Anonymous asked in PetsDogs · 6 months ago

Anal gland problems in dogs.?

Hi, I feel like Im cursed. I have a 3 year old mixed dog and a 2 year old lab. Since february this year I have been in and out of vet to this day. My older dog started having anal gland issues after being castrated. His glands would get inflamed the vet would express them give him antibiotics and he would be fine for a week and then they would get inflamed/ or infected ( dont know english really well so I dont know how to explain, fluid in his sacs was never thick it was liquidy and his stool is firm, so he shoudl be able to express them himself but he isnt for some reason). Vets tried everything, they expressed them from outside from inside they gave him injections they put stuf in his glands they did everything. Now his glands seem to be fine but he godt ear infection as a sideefect from having problems with his glands this long, now Im treating his ear and I noticed he started locking back at his anus again. He is not licking it but just loocking for now. The problem is I noticed my lab has started licking his butt too, and his anus is a little bit red. They are both eating food recomended by a woman that works at the vet farmacy, they both have firm stools and I dont understand what is the problem, why did they start having this problems this year and didnt have them before. They dont have fleas and my vet sad it is not food alergy. I am so stressed, I dont know what am I doing wrong, please help.

6 Answers

  • 6 months ago
    Favorite Answer

    First of all, stop being stressed. This is fixable with patience and thinking.

    Have you tried any of the things that will bulk up the dogs stools? I have a small dog who, for some reason, her anal glands don’t express properly when she “goes”.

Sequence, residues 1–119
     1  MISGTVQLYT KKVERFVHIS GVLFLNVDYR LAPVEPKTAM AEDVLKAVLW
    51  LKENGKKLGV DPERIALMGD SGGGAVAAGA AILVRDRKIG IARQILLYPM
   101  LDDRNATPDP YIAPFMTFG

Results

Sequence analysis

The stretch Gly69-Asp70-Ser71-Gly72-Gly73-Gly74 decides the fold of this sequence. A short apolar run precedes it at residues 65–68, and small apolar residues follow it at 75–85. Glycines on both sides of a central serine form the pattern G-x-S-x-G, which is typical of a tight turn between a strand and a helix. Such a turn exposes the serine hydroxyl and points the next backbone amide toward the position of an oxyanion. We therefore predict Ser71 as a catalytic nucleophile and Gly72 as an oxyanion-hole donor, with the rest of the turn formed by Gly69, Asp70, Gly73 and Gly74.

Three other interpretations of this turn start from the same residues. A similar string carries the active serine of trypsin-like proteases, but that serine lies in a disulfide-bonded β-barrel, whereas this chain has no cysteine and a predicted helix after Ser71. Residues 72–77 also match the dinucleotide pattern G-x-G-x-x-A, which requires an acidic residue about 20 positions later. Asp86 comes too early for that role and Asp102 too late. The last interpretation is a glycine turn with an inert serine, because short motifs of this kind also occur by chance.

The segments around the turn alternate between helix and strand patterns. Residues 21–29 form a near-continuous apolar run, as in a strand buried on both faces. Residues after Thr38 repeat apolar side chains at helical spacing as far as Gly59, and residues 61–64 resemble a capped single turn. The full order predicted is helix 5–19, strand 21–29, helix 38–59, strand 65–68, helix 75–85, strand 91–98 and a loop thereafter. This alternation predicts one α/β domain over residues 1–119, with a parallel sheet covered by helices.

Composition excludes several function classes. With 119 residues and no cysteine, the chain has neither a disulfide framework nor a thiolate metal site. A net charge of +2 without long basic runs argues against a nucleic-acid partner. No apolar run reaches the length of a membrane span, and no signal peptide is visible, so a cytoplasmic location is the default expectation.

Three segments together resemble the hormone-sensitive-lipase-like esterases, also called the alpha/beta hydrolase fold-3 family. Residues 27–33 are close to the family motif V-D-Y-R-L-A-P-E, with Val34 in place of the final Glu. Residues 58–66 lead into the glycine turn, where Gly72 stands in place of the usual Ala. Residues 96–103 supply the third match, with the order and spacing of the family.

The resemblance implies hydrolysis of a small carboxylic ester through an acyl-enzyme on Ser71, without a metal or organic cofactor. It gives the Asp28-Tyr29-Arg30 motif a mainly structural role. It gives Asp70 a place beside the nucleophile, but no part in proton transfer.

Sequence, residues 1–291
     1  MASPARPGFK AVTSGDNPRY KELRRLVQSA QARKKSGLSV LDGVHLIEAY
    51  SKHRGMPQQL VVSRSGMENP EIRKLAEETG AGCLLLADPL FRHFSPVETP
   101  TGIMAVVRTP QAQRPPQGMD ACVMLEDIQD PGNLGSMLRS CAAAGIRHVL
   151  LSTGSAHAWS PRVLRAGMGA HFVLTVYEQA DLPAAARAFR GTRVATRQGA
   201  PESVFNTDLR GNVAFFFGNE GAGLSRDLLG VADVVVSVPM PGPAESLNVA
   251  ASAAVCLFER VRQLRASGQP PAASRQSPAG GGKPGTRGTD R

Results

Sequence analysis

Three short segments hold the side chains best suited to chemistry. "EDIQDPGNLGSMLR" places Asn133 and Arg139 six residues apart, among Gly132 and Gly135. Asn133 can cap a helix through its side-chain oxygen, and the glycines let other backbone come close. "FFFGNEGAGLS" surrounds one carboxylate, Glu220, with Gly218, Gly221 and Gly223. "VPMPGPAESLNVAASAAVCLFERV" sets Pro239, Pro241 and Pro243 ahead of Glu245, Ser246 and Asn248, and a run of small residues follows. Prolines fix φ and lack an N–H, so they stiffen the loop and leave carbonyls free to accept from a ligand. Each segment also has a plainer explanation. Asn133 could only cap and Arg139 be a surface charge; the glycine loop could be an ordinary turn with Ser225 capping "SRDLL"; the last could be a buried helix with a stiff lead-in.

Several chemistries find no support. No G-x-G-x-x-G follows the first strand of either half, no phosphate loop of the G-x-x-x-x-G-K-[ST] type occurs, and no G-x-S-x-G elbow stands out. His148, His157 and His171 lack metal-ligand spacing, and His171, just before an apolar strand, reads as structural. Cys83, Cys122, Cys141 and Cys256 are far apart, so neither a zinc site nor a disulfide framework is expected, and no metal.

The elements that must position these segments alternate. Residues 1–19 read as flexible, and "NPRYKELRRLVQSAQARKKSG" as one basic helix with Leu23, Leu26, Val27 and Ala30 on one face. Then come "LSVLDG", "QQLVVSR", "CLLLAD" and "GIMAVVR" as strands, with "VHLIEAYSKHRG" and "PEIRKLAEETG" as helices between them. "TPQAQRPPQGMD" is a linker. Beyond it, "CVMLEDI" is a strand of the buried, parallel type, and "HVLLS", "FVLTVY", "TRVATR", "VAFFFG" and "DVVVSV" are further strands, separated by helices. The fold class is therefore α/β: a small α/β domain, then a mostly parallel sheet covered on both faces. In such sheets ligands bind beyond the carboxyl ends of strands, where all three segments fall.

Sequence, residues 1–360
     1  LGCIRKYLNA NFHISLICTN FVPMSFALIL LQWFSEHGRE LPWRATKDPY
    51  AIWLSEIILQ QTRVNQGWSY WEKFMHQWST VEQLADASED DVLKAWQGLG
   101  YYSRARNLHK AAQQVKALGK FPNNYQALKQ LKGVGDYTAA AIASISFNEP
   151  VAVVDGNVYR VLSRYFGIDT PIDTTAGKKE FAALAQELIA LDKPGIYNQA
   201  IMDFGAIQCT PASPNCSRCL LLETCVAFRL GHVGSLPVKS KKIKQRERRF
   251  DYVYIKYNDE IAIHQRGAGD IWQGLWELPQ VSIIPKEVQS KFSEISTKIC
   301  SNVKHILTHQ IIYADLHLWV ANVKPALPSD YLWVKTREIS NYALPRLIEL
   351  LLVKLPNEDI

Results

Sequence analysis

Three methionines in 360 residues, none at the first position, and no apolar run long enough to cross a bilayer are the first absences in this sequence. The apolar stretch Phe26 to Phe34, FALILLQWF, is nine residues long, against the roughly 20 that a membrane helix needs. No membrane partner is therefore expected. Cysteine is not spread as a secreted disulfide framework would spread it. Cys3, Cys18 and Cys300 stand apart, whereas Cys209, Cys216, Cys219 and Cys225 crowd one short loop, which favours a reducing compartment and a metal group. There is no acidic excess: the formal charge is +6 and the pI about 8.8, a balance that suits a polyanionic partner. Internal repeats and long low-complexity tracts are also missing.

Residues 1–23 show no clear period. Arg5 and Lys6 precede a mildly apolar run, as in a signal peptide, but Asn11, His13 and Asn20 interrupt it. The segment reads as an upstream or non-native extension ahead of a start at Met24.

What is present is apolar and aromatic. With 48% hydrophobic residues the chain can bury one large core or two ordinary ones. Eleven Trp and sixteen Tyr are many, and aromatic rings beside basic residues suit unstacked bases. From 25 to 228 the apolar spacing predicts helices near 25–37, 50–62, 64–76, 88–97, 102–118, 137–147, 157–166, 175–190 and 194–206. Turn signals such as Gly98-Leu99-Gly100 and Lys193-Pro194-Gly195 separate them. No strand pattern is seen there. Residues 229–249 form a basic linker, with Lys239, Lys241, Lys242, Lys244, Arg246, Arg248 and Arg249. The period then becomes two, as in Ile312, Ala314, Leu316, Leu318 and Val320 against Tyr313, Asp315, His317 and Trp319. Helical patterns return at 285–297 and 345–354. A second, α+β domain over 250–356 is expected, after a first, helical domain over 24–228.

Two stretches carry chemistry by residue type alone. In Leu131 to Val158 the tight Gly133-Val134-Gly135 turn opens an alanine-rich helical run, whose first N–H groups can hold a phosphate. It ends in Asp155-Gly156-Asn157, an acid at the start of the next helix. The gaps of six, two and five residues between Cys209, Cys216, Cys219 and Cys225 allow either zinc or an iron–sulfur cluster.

I give her “No Scoot” which I get from my vet, they are little treat looking/tasting things that bulk up her stool which helps things move along. You can also add fiber to the dogs diet in the form of cooked oatmeal, canned pumpkin, cooked squash or other veges (check the list of foods that aren’t recommended for dogs) to bulk up the stool.

    You can also simply calendar routine expressing of the dogs anal glands.

    I have a friend who does her own dogs glands about every two weeks because they don’t express properly. DON”T DO THIS without having your vet show you how. Don’t force anything, you could injure the dog and for some dogs, like one I had years ago, her glands were in a little awkward area and were challenging to express, so for that dogs, my vet recommended I NOT try this at home.

    I have had a number of dogs over the last 30 years, sometimes as many as five at a time. Of all my dogs I’ve had three that had anal gland issues more than once, two have had to have active monitoring. One of those dogs I have now. I keep an eye on her behavior and if it looks like she might be having an anal gland issue, I take her to my vet for a tech visit to have them expressed - at my vet this visit is only $15-20.

    It seems to me that if the second dog is starting to have this same issue, it is something in their food or environment, as anal gland issues are not contagious.

    I try to avoid antibiotics (for both me and the dogs, although sometimes they are necessary) as they also kill good gut flora. You may want to consider probiotics to rebuild the gut flora.

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  • 6 months ago

    My dog had this problem ALL THE TIME. Tbey told me it has to do with having protein in their diet. If theres little to none, this will happen. Try to look at the labels on the hard dog food brands and get the one with the highest protein content in it. If this doesnt help(it worked for mine) they also can take them out dogs dont need them, it's just how they mark their territory.

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  • Anonymous